I am no sort of scholar, as I have observed many times on this blog. Perhaps that is why I stand in awe of the scholars I have been privileged to meet. My first encounter with a world-class scholar was as a sophomore at Harvard, back in 1952, sixty-three years ago. I sat for a semester in Harry Austryn Wolfson's great course on Spinoza's Ethics. We all knew that none of us would ever be, could ever be, a scholar like Wolfson, but simply to sit in his presence was a blessing -- rather like listening to Yo-Yo Ma play the Bach Suites for unaccompanied cello.
Nine years later, when I left my Harvard Instructorship to take up an Assistant Professorship at the University of Chicago, I was powerfully impressed by the fact that one of my new colleagues would be Alan Gewirth, whom the philosophical world new as a moral and political philosopher, but who was, to me, the editor of the edition of Marsilius of Padua's Defensor Pacis that I had read during my half year on an SSRC post-doctoral fellowship. Three years later still, when I moved to a tenured Associate Professorship at Columbia, it was not Ernest Nagel or John Herman Randall or Arthur Danto or Sidney Morgenbesser whose presence in my new department impressed me, but Paul Kristeller.
Paul was a German scholar of the Renaissance thirty years my senior. Among his great achievements was the Iter Italicum, a catalogue of early manuscripts that he painstakingly assembled during his years in Italy by going from castle to castle, monastery to monastery, and to the Vatican archives as well, recording what he had found. It was the sort of laborious act of scholarship that earned one fame and honor back in the days before the Internet. It was a source of great sadness to me that during the '68 Columbia student uprising, because we took up opposite sides in that dispute, Paul stopped talking to me. When the two of us rode up to the seventh floor of Philosophy Hall in the building's tiny elevator, Paul would turn his face away from me in a physical act of rejection.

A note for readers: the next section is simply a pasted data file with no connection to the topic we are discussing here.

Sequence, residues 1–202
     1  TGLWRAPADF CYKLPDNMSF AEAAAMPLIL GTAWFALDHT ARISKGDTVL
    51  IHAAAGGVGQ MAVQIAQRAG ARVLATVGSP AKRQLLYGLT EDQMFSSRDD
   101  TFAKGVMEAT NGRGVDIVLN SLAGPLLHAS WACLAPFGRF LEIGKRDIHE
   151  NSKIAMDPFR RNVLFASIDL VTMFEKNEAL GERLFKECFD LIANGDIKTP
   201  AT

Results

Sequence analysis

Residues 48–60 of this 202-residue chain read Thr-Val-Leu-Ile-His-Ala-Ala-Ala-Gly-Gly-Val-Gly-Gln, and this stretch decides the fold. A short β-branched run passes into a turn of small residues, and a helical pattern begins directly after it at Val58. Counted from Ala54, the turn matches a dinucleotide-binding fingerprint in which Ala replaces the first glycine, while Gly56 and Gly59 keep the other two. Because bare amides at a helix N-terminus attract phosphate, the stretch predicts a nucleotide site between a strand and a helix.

In those days, one could even gain scholarly recognition by doing something that a computer now accomplishes with a few simple commands. One philosopher, whose name escapes me, made a name for himself by laboriously cranking out a concordance to the works of Spinoza -- useful, to be sure, but now the sort of task one would assign to an undergraduate for extra credit.
These random thoughts, which engaged me during my walk this morning, were prompted by the latest exchange in the comments section of this blog. I posted a response to Sheryl Mitchell in which I attributed to Hillary Clinton the tone-deaf remark "All lives matter" as a response to the Black Lives Matter protestors at one of her campaign events. At 4:42 p.m. yesterday, Matt Austern questioned my attribution. Sixty-eight minutes later, someone writing under the pseudonym "Lounger" popped up with a link to an NPR story confirming my memory.
Young people these days are so accustomed to these sorts of things that they cannot understand why old folks like me continued to be astonished by them. What would Harry Wolfson, Alan Gewirth, and Paul Kristeller think, if they were still with us?